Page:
Sanders County Ledger - Your Best Source For Sanders County News

Remember When?

 


105 YEARS AGO • APRIL 21, 1916

TIME TO CLEAN UP

Spring is here, the snow has gone and the mud dried up, the annual season has again rolled around when it is full time for you to get out that garden rake and clean up the yard, prepare the ground for a little garden and burn up the trash that has accumulated during the winter. It is to be hoped that the mayor and city council will speedily lease or buy a small tract of ground, not too far from town that can be used for a city dumping ground. While it is true that old boards, paper, dead grass and the like debris can be piled up and burned there is sure to be a large accumulation at each home that will not burn, such as tin cans, winter socks and ashes, and must be carted away. Mr. Preston is on hand to haul all this away if there is only provided some place where it can be dumped. Please City Dads hurry and get us that dumping ground that has been talked of these many years. The people want it and want it this very spring.

Other towns are doing it. We are rapidly growing and must keep up with our neighbors and awaken to the importance of proper public sanitation. In the past the municipal health authorities have not only been accorded little public support in their efforts to improve conditions, but have encountered considerable opposition, (a fact which the writer can vouch for, having formerly served on the town board of health for some two years) which has made difficult, if not impossible enforcement of rules made by the state board and demanded by even the most elementary regard for the public health, with the result that today Thompson Falls is far behind many of the towns in the county and state in sanitary conditions. We refer particularly to the toilets in the business portion of the town and many in the residential portion not connected either with the sewer or cesspool.

Just as health is the most priceless asset any individual can have, so is perfect sanitation the most valuable asset any community can possess.

From my reading of over a hundred years of The Sanders County Ledger, sanitation was at a loss in Thompson Falls’ early days. Before a water system was developed for the town, of course the only toilets were a privy in the back yard or behind the town’s business establishments. After running water and indoor toilets came about most of the sewage below the tracks was piped into the river. Most citizens had garbage piles in the backyard that grew and grew. When my dad tilled his garden he constantly turned up “artifacts” from the past in one particular area by the alleyway. Obviously, the site of someone’s dump pile. The cliffs along the river at what is now the Rimrock Lodge served as a dumping ground for the citizens of town. They would just heave it over the cliffs and I am sure during high water most of the garbage was carried downstream.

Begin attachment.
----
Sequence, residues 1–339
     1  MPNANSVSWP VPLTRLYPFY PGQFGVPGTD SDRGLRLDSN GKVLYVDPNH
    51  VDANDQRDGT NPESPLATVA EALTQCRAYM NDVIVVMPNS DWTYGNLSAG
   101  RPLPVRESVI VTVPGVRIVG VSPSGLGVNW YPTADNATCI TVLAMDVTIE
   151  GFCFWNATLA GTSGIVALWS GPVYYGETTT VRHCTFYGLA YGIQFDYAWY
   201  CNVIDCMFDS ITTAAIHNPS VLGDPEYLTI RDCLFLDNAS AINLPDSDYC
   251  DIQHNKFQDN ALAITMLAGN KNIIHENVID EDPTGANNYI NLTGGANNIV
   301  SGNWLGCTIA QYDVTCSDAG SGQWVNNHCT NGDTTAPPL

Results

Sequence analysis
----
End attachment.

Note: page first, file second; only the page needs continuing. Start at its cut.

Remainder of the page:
40 YEARS AGO • APRIL 18, 1991

THOMPSON PASS OPENS WITH ONE LANE TRAFFIC

Travelers to Spokane and Coeur D’Alene can now travel the shortcut route of Thompson Pass now that Idaho has succeeded in plowing the road open from their side.

Early travelers of the pass route, which has been open for over a week now, encountered tight one lane travel, with mountainous snowdrifts to each side.

With warmer weather and the opening of the road, the lane is widening and in some places two lane travel is available.

Snow depth on the pass itself is from four to eight feet and higher where the snow has been bulldozed into a pile.

One traveler remarked that this year the deep snow extends farther down the road than most years, with the snow heavy from the last bridge across Prospect Creek.

Road conditions on the Montana side are good, with an all weather surface up to the pass. Idaho’s side remains a two lane gravel road for the nine miles from the pass down to Murray.

Still, though, the shortcut route cuts about 40 miles off a trip to Spokane. The time savings may not be as great, however due to the winding nature of much of the road and the nine miles of gravel. The route is a popular one in summer because if its scenic nature.

 

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